Kraków’s metamorphoses at the end of the 20th century. A personal account
Wednesday, March 20, 7:30 pm

Dr. Jan Lencznarowicz, Associate Professor of History in the Department of History of International Migration, Jagiellonian University, Kraków, and Skalny Visiting Professor

Caption 1 Caption 2
Kraków: Then and now
Skalny Center for Polish and Central European Studies is pleased to announce its first in a series of three events celebrating the 40th anniversary of the Sister Cities relationship between Kraków, Poland, and Rochester

As the historic capital of Poland and a vivid center of culture, Kraków has always held a special place in the minds and hearts of Poles. The time of the fall of Communism and the transition to democracy was no exception. Drawing on his and his contemporaries’ experiences, Dr. Jan Lencznarowicz explains how being a part of this intellectual and spiritual milieu influenced their lives and helped to shape their values and attitudes at the time of dramatic changes in the 1980s and 1990s.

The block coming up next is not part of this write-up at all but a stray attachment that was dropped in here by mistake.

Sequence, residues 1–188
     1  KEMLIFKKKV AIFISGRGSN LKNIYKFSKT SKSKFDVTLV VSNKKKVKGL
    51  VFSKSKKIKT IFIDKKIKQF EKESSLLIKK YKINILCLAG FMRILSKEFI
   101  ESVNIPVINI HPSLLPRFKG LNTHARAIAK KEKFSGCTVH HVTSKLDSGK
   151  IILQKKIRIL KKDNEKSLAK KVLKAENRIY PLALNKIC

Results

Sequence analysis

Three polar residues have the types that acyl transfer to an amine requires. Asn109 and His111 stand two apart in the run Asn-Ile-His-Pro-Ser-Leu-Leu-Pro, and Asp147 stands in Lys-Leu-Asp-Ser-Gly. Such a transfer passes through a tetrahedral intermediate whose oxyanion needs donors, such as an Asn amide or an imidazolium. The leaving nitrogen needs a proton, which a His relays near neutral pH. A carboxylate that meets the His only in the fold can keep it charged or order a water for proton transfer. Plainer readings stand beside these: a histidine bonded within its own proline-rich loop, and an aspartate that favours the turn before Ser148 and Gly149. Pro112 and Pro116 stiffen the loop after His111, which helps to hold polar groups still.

Jan Lencznarowicz is an associate professor at the Institute for American Studies and Polish Diaspora, Jagiellonian University, Kraków. His main areas of research are: Polish political emigration in the 20th century, emigrants’ political myths and ideologies, and the policy of the Communist authorities towards Polish Diaspora. He takes interest in the history of Australia, Australian nationalism and the Polish ethnic group in Australia.

Caption 1 Caption 2
Kraków: Then and now
Jan Lencznarowicz is the author of three books: Jałta. W kręgu mitów założycielskich polskiej emigracji politycznej po II wojnie światowej. 1944-1956, [Yalta as the Foundation Myth of the Polish Political Emigration 1944-1956], Australia, [History of Australia in 20th century], Prasa i społeczność polska w Australii. 1928-1980, [The Polish Press and Polish Community In Australia, 1928-1980]. His publications in English include articles on Polish Diaspora and Australian topics. He teaches courses on Polish political emigration after World War II, refugees in modern times, ethnic history of Europe, history of Australia as well as immigration and ethnic relations in Australian history. In addition he gives courses of Polish history to foreign students.

Sloan Auditorium, Goergen Hall, University of Rochester River Campus
Free and open to the public.